Wednesday, February 8, 2012

02/08/2012 Writing Wednesday!

Hello again, I hope the start of your week was a productive one. Thankfully I think "finishing" one project was good for me, since working on my prequel has become much easier. For today though we shall look at something that a friend and I did last night, and how it is incredibly important, especially if you have over-lapping plots.

The word of the day is: Timeline! This is the wonderful little thing that lets you actually keep track of all the major events in your story and how they will fall into place/when they'll be encountered resolved. Now I've used them a couple times, usually more towards the end when making sure that I've covered all my bases and tied of the loose ends that will be taken care of in that story (as I said previously, ones that shouldn't, should be address in a later book, and will be seen as delightful foreshadowing). The other time I use them is if I have a character that is particularly long lived, that way I can figure out exactly where their own timeline starts and when/where it connects with the one I'm working with. It helps show how much information they actually have.

The way we used one last night was to work with time-travel. This is something I avoid like the virulent plague it is. In my opinion, while it looks like fun, time travel has some of the most complicated rules, in that there are so many you first need to figure out which ones you're using, followed by how they are going to work in your story and still keep continuity from falling apart. I have practically vowed never to use time travel, but my friend however has taken that leap and so we had to work out a timeline last night.

What we found worked incredibly well is to use a visual representation. Don't just make imaginary gestures or try to do it all in your head. This will cause confusion and headaches, neither of which are good. Having something you can physically see in front of you will help you work out all the little details and smooth out the problems without worrying if you've messed up something else.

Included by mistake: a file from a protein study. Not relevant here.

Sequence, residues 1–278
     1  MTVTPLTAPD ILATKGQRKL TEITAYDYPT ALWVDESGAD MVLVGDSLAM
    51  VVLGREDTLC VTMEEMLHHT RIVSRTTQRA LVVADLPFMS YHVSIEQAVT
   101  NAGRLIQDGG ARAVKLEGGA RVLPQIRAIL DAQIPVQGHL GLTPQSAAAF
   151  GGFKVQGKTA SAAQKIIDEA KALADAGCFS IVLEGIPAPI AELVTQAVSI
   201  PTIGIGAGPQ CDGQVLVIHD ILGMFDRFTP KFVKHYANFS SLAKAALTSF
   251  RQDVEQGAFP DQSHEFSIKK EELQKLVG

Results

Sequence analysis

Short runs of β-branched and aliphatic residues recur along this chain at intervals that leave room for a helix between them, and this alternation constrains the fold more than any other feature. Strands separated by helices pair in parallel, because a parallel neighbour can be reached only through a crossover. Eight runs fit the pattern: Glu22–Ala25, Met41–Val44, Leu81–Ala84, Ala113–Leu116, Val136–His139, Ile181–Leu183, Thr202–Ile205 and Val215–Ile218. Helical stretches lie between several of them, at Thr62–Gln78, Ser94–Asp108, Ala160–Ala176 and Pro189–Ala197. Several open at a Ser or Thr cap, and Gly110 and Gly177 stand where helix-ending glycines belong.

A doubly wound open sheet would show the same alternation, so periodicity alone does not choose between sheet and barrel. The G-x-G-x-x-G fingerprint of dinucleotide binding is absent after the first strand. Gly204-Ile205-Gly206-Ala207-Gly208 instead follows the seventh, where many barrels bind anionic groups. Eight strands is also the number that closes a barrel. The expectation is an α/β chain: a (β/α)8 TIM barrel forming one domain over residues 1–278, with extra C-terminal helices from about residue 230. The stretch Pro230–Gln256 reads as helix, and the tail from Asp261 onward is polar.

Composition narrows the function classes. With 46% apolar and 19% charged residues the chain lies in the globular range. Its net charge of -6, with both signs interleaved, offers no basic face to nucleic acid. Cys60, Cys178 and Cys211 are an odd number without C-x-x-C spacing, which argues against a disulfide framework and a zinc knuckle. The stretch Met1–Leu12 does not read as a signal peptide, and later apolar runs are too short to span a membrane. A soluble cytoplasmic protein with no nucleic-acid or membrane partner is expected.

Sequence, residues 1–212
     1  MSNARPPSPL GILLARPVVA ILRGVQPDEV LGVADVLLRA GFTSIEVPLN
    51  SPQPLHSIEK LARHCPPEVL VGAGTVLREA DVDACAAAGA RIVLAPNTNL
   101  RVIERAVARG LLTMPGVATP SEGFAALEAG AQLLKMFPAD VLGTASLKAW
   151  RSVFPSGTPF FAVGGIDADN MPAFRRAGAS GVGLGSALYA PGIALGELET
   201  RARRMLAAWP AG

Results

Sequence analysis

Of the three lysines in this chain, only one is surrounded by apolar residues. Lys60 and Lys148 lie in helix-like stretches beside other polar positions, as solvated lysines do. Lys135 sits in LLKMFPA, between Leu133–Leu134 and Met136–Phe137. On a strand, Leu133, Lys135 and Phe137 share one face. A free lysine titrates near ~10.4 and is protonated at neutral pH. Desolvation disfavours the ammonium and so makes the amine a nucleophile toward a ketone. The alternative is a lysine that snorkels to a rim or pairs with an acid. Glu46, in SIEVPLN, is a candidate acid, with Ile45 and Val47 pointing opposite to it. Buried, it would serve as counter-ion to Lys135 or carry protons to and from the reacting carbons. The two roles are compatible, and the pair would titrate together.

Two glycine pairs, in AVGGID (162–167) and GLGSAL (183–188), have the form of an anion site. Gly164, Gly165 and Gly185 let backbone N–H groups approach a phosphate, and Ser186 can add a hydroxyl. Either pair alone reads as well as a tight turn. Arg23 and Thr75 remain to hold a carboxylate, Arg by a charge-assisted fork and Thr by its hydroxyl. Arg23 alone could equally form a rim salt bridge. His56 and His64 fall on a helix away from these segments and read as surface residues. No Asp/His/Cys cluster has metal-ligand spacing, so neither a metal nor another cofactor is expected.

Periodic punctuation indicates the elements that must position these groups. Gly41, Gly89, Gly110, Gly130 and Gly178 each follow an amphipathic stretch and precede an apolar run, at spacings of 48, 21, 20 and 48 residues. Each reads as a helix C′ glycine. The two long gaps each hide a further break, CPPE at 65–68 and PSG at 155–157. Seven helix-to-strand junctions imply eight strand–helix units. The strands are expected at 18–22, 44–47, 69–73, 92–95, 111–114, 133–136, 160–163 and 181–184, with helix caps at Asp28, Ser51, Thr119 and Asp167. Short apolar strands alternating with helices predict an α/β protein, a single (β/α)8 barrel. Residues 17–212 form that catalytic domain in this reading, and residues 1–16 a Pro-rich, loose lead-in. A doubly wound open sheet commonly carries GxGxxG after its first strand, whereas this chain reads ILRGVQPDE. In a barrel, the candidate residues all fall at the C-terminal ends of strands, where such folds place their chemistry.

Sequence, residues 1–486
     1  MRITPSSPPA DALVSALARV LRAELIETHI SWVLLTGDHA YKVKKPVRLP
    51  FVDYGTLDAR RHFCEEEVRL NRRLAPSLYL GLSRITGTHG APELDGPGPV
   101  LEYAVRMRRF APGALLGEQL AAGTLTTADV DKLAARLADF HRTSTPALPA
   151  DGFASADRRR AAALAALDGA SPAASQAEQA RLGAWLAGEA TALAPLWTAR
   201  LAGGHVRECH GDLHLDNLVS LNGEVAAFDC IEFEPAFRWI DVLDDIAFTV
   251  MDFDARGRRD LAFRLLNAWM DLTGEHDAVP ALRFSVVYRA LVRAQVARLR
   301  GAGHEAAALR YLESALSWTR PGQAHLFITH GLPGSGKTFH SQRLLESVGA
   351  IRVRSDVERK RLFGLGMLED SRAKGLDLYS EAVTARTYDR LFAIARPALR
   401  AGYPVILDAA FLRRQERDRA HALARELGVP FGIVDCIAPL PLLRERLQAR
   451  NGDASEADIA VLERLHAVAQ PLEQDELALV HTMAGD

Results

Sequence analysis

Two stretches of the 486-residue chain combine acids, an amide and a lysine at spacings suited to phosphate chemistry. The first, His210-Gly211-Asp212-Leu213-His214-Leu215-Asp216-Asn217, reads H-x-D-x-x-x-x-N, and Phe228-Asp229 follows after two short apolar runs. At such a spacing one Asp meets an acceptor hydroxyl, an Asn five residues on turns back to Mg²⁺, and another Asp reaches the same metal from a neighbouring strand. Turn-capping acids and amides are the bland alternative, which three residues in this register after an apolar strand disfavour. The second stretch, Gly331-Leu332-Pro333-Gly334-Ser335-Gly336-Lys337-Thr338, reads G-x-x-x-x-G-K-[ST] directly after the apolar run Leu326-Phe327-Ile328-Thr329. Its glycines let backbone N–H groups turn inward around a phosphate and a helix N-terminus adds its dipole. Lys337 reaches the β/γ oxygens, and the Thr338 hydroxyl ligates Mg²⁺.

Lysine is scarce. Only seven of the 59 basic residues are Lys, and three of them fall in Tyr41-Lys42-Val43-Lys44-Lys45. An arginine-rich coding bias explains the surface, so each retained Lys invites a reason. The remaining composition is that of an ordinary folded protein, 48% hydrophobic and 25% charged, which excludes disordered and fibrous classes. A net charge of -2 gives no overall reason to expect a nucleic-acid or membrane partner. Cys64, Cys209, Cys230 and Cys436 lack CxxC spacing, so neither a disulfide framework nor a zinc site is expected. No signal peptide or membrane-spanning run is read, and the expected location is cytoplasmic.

Also, keep whatever part of the timeline your protagonist on straight. Keep whatever little plot points, major developments, or things that will become offshoots like other stories, or parallel timelines on lines that are separate from it. Think of your timeline from the perspective of your main protagonist; they aren't going to see their world jutting away from them, or going in different directions, they're going see it as it is in front of them, which is likely going to be a straight path. It's their world, not this other world, or another world which was created by something previously, theirs and it will always be the first and primary, even if they jump around to other ones.

I hope this all made sense, like I said, I use timelines to keep track of things when I'm worried I may have overlooked/forgotten something. If you're being much braver than I am and working with time travel, they are essential to keeping everything put together and coherent, since there is a chance you'll have one tiny thing happen, then look at your story and realize that you've possibly invalidated the entire book, or an entire series. Then you get into the 'it was all a dream' scenario, and people start throwing stuff. It's not pleasant.

I look forward to seeing you all on Friday, I'll have a new book up for review. I hope your work is productive and entertaining as always. If you ever have any suggestions/questions/comments, please do put them below and I will respond accordingly! I would love for a discussion to be started. I would feel like a real blogger then! Have a good week!

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